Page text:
My instructor assigned a problem that asks us to determine which asymptotic limits apply to a given $ f (n) $ for a certain $ g (n) $, in my case $ f (n) = lg (n!) $ Y $ g (n) = lg (n ^ n) $. For clarity, the convention that we use in our class is that $ lg = log_2 $, the "binary logarithm".

I know that by the Stirling approach, $ lg (n!) $ grows in $ O (n lg (n)) $, and evaluating the limit $ lim_ {n to infty} frac {n lg (n)} {n lg (n)} = C $, some constant> 0, and so $ lg (n!) $ is in $ theta ( lg n ^ n) $.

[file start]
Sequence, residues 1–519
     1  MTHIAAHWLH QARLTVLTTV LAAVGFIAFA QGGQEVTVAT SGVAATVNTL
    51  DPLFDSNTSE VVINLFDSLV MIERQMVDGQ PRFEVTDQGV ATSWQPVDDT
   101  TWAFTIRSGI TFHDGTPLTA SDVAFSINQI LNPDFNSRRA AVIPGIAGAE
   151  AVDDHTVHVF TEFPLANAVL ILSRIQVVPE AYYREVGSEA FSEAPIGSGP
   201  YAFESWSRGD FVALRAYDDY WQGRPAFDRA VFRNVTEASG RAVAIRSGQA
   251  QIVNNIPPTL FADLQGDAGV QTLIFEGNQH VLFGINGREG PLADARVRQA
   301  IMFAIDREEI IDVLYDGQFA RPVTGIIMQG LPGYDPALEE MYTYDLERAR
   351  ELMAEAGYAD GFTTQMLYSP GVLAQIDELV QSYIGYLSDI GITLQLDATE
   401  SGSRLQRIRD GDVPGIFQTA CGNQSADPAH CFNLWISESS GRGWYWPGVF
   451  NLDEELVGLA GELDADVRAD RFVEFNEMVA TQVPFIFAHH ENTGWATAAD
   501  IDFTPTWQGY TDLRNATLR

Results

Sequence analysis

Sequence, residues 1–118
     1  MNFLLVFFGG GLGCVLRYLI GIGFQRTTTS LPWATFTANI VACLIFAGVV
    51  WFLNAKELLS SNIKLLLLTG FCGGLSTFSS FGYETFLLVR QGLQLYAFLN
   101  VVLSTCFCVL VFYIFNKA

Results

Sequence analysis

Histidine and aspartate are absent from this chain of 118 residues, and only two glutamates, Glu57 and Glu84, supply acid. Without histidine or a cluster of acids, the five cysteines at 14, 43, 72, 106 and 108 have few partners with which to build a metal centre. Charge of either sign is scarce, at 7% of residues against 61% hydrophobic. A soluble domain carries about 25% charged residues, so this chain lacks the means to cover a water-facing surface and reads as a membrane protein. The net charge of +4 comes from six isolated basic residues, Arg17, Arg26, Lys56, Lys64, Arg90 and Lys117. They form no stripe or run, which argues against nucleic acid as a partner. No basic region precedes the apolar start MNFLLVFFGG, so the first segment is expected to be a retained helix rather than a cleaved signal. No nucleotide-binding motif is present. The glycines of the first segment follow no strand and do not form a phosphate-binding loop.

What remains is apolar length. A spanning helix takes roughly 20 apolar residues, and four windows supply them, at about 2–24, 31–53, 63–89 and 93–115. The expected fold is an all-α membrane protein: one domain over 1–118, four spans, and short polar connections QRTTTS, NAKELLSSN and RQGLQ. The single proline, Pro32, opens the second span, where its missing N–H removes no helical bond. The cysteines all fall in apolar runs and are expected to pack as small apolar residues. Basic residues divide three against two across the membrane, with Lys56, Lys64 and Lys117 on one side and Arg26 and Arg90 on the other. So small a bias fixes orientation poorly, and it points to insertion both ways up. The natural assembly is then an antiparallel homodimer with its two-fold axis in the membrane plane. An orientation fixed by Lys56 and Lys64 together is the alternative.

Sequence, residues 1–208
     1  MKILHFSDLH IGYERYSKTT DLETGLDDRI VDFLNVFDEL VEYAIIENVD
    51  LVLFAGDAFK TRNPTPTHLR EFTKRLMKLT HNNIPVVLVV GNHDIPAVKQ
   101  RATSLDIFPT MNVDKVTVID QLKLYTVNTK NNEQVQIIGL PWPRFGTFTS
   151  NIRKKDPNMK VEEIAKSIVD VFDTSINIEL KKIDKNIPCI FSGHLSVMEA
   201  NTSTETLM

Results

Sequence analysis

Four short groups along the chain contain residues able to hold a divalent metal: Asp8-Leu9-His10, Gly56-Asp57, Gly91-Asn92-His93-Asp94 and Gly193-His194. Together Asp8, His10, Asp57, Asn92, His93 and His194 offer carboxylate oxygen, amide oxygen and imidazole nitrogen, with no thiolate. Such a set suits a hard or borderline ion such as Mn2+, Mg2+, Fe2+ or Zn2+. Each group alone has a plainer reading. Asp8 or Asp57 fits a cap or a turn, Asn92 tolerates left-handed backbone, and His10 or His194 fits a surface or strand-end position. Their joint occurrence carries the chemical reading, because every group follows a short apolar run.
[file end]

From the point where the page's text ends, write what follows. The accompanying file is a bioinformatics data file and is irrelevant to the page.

$ theta $ It also means that my $ f (n) $ It's in $ O (g (n)) $ Y $ Omega (g (n)) $, but this does not mean that my $ f (n) $ is in $ o (g (n)) $ or $ omega (g (n)) $.

For that, I think I would have to evaluate $ lim_ {n to infty} frac { lg (n!)} { lg (n ^ n)} $, But I'm not sure.

What strategy would you use to show that? $ f (n) $ is in $ o (g (n)) $ or $ omega (g (n)) $? I would evaluate $ lim_ {n to infty} frac { lg (n!)} { lg (n ^ n)} $?